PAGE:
The Oakley Fan area is a broad, crescent-shaped lowland along the southern margin of the Snake River Plain in south-central Idaho. Intensive groundwater development for irrigation has resulted in rapid water-level declines and, as a consequence, designation by the State of four Critical Groundwater Areas. Principal aquifers are in limestone, rhyolite, basalt, and alluvium. Annual water-level declines range from 3 ft to about 5 ft. Recharge to the groundwater system is from infiltration of surface water used for irrigation, precipitation on the surrounding mountains, infiltration of localized runoff, and upward movement of thermal water. Groundwater pumpage during the period 1979-84 averaged 173,000 acre-ft/yr. Surface and groundwater is predominantly a calcium bicarbonate type with variable concentrations of dissolved solids. Comparisons of silica and chloride concentrations and isotopic composition of groundwater were useful in determining areal extent of aquifers and movement of groundwater. A three-dimensional mathematical model of the Oakley Fan area was developed. The aquifer system was simulated in three phases: (1) Average 1979-84 hydrologic conditions, (2) 1910 hydrologic conditions, and (3) 1910-84 hydrologic conditions. Model simulation indicated that, for the period 1945-79, subsurface outflow declined from 327,000 acre-ft/yr to 215,000 acre-ft/yr. Simulated groundwater pumpage during the period 1945-79 was 3,000,000 acre-ft; simulated change in storage was 250,000 acre-ft. Simulations with the model approximate natural conditions and probably can be used to evaluate future changes in the hydrologic system.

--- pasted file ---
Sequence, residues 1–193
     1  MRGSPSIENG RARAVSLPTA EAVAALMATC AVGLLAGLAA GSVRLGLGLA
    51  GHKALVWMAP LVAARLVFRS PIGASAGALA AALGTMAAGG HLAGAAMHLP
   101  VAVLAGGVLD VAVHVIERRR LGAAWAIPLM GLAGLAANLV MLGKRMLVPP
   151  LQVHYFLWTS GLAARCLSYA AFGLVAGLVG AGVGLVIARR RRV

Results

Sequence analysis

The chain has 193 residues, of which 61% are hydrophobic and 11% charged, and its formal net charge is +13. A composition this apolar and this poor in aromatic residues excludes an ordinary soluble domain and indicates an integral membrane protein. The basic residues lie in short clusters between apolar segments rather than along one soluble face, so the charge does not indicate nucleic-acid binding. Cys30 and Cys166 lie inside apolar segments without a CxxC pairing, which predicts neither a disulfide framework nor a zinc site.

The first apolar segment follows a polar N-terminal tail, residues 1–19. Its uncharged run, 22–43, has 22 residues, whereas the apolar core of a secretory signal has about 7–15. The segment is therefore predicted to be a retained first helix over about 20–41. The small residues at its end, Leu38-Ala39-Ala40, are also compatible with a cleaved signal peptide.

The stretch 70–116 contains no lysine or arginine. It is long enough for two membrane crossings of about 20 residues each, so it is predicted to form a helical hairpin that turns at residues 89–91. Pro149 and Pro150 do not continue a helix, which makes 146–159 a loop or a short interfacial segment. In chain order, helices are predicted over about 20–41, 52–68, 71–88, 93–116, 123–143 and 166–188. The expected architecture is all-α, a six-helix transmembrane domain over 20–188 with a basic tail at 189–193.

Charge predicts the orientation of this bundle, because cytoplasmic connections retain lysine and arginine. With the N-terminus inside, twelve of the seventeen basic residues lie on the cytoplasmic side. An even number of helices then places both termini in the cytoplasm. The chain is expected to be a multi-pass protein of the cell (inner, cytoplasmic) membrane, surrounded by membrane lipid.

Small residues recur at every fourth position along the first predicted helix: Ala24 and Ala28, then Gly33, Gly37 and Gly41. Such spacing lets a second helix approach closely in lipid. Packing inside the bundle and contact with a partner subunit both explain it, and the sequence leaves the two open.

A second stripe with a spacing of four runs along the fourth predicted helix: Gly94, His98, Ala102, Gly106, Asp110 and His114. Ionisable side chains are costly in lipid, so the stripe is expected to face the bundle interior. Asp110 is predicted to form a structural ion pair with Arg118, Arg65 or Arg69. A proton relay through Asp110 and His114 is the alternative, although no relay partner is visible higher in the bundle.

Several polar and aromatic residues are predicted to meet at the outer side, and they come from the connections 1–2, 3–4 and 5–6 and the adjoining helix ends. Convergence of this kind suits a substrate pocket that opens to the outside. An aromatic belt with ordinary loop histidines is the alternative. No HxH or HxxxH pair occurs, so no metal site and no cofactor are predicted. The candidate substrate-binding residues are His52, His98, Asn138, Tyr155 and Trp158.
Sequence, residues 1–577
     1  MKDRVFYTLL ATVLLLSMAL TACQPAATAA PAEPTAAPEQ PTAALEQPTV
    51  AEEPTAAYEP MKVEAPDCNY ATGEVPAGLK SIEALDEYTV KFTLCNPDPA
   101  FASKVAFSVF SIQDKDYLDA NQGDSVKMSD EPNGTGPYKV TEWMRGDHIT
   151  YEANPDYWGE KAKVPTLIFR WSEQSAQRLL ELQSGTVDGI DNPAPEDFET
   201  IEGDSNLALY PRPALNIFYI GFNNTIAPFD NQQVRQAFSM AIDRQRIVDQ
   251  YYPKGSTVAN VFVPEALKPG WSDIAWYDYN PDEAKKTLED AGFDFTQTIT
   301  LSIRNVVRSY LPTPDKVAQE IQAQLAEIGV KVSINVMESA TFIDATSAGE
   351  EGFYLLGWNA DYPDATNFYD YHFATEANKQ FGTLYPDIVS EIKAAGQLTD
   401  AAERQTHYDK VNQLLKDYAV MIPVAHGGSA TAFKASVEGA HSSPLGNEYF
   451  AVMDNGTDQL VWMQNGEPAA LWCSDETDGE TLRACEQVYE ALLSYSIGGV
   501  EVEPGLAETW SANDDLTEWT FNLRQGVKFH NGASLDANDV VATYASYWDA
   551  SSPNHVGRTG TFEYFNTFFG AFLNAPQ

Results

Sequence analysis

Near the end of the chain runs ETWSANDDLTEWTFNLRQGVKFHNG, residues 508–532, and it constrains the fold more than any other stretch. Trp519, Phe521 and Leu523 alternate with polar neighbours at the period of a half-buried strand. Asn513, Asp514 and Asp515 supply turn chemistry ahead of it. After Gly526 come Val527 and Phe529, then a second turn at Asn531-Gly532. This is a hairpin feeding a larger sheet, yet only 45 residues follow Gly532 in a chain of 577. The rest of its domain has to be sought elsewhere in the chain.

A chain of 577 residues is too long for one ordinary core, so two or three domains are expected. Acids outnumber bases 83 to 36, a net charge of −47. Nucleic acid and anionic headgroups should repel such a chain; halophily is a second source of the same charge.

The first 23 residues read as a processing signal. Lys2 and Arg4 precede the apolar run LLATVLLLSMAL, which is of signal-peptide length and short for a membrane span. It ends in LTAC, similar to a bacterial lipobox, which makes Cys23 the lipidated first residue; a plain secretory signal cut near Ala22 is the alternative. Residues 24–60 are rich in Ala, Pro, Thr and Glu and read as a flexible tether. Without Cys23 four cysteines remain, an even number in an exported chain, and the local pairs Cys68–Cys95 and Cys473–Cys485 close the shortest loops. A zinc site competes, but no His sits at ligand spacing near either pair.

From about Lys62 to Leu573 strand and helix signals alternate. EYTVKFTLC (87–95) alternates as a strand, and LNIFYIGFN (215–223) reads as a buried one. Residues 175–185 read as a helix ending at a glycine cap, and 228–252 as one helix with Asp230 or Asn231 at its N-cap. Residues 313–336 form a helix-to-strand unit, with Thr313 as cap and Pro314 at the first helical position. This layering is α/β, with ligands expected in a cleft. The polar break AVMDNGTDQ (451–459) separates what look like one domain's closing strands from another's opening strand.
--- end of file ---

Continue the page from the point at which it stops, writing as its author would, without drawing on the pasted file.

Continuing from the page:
|Title||Hydrology of the Oakley Fan Area, south-central Idaho|
|Authors||H. W. Young, G. D. Newton|
|Publication Subtype||USGS Numbered Series|
|Series Title||Water-Resources Investigations Report|
|Record Source||USGS Publications Warehouse|
|USGS Organization||Idaho Water Science Center|